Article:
“SSE clearly feels it has nothing to fear – and potentially a lot to gain – from responding to public demands for greater openness. There is no excuse for other companies not to do the same, and make this new standard in transparency the norm, not the exception.

“This kind of information will enable we the public not only to see how much tax SSE is paying, but to make a meaningful assessment of whether this constitutes a fair and appropriate amount of tax relative to the profits it is making in the countries where it operates.”

In changing its tax reporting to comply with the Fair Tax Mark criteria SSE plc is providing information that moves its disclosure well beyond the current requirements of UK company law to ensure that it provides all its stakeholders with the information they need to properly appraise its tax affairs.

ENDNOTES

About Fair Tax Mark
1. Fair Tax Mark Limited is a community benefit society. It was launched in February 2014 as a joint venture between the Ethical Consumer Research Association, Tax Research UK and Up the Ethics. Its work is supported by private and business shareholders.

2. The first recipients of the Fair Tax Mark (February 2014) were its Pioneers: Unity Trust Bank, Midcounties Co-operative and the Phone Co-op. The Fair Tax Mark was awarded to FTSE 350 member the Go-Ahead Group in September 2014. SSE Group plc is the first FTSE 100 company to be awarded the Fair Tax Mark.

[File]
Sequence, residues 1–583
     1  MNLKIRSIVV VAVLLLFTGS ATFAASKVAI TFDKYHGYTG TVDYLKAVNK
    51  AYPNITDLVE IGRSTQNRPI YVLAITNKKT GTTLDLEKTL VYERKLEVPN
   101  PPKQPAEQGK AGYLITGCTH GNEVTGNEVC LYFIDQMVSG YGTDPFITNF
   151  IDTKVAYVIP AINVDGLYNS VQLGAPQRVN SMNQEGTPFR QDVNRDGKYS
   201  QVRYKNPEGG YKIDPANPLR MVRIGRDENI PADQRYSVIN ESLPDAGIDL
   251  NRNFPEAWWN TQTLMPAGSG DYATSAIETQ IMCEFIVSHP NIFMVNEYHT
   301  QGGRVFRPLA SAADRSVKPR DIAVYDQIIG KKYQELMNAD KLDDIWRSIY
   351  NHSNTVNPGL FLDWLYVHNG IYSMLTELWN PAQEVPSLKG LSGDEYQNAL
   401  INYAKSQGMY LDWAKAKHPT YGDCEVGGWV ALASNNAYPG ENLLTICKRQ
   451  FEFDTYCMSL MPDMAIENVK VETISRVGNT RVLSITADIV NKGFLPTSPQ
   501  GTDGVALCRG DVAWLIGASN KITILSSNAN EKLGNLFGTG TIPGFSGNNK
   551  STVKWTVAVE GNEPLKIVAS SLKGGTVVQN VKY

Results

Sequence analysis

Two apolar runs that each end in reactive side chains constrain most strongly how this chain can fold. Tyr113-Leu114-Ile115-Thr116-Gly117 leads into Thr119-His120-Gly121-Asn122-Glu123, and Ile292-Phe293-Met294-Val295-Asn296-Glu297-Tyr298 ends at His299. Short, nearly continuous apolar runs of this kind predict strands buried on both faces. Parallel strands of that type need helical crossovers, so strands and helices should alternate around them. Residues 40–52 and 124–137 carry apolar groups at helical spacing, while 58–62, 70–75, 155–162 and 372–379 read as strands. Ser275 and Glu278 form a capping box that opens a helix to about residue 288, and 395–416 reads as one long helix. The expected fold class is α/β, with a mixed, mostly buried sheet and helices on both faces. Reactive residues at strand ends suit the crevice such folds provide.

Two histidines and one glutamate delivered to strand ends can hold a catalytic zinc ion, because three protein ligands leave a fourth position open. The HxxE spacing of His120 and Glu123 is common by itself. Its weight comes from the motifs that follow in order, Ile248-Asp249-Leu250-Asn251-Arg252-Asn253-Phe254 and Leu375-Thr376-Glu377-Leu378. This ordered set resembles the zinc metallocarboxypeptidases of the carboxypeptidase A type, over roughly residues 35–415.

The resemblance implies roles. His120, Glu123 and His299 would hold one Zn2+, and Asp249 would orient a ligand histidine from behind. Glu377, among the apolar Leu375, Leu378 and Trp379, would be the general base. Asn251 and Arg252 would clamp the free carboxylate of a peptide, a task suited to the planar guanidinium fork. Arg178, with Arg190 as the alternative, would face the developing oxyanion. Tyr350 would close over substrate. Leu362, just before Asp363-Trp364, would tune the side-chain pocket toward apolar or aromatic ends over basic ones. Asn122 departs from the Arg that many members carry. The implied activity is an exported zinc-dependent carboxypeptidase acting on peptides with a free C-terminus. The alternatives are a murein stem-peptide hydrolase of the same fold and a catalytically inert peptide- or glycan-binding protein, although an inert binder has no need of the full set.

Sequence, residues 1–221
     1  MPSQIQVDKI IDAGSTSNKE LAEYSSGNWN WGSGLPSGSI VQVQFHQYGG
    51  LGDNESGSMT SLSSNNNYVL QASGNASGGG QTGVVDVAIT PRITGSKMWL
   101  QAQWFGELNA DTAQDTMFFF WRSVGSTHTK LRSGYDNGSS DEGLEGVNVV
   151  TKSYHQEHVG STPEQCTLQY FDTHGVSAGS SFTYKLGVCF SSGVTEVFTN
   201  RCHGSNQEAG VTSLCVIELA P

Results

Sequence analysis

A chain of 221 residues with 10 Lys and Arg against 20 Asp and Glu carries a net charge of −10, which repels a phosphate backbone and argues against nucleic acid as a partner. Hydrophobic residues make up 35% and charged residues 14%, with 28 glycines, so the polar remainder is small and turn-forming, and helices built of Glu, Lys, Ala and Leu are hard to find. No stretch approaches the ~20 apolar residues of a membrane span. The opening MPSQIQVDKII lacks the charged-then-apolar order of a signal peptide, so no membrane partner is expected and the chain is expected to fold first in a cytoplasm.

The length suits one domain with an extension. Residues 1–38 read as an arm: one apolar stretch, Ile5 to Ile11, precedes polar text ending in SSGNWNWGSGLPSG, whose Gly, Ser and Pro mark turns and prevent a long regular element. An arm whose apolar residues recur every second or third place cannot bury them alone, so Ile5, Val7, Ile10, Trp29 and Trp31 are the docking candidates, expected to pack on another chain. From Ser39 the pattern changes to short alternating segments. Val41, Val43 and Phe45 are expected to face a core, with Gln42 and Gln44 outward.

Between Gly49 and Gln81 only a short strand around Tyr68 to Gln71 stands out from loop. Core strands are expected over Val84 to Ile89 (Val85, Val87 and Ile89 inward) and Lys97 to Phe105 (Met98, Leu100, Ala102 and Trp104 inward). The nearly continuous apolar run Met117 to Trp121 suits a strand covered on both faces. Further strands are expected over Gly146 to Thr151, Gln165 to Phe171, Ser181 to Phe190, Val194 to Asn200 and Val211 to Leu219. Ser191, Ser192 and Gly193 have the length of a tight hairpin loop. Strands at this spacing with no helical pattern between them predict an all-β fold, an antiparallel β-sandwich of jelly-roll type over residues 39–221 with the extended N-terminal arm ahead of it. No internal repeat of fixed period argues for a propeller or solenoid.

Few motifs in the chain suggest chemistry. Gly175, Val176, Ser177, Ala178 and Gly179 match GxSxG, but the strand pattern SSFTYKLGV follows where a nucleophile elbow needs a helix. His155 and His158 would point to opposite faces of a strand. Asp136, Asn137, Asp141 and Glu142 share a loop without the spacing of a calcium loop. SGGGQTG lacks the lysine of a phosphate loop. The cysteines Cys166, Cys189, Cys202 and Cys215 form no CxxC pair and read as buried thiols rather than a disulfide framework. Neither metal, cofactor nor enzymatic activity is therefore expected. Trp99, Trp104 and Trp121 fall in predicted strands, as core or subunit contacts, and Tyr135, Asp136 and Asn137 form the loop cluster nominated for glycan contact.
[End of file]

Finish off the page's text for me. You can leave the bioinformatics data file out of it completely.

3. The Fair Tax Mark is awarded following a review of the company’s reporting and focuses on both the content and clarity of the policy and taxation statements a company makes, as well as on the actual amount of tax paid.

4. A high-quality copy of the Fair Tax Mark logo is available upon request.

5. For more information visit the Fair Tax Mark Website: www.fairtaxmark.net
About SSE
SSE plc is one of the UK’s leading energy companies, involved in the generation, distribution and supply of electricity and in the extraction, storage, distribution and supply of gas. Its core purpose is to provide the energy people need in a reliable and sustainable way. It supplies energy to around 9.46 million energy and home services customers throughout Great Britain and Ireland, is frequently ranked number one for customer service and is the UK’s leading generator of electricity from renewable sources.

SSE paid £430m of business taxes in 2013/14. SSE is also taking bold steps to address the issues facing the energy industry. It is the only UK supplier to freeze standard energy prices until 2016, and every year contributes around £9 billion to the UK economy.

 


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About The Author

John Christensen

Trained as a forensic auditor and economist, he has worked in many countries around the world, including a period of working in offshore financial services with Touche Ross & Co. For 11 years he was economic adviser to the government of the British Channel Island of Jersey. In 2003 he became what the Guardian has described as “the unlikely figurehead of a worldwide campaign against tax avoidance.” His research on offshore finance has been widely published in books and academic journals, and John has taken part in many films, television documentaries and radio programmes.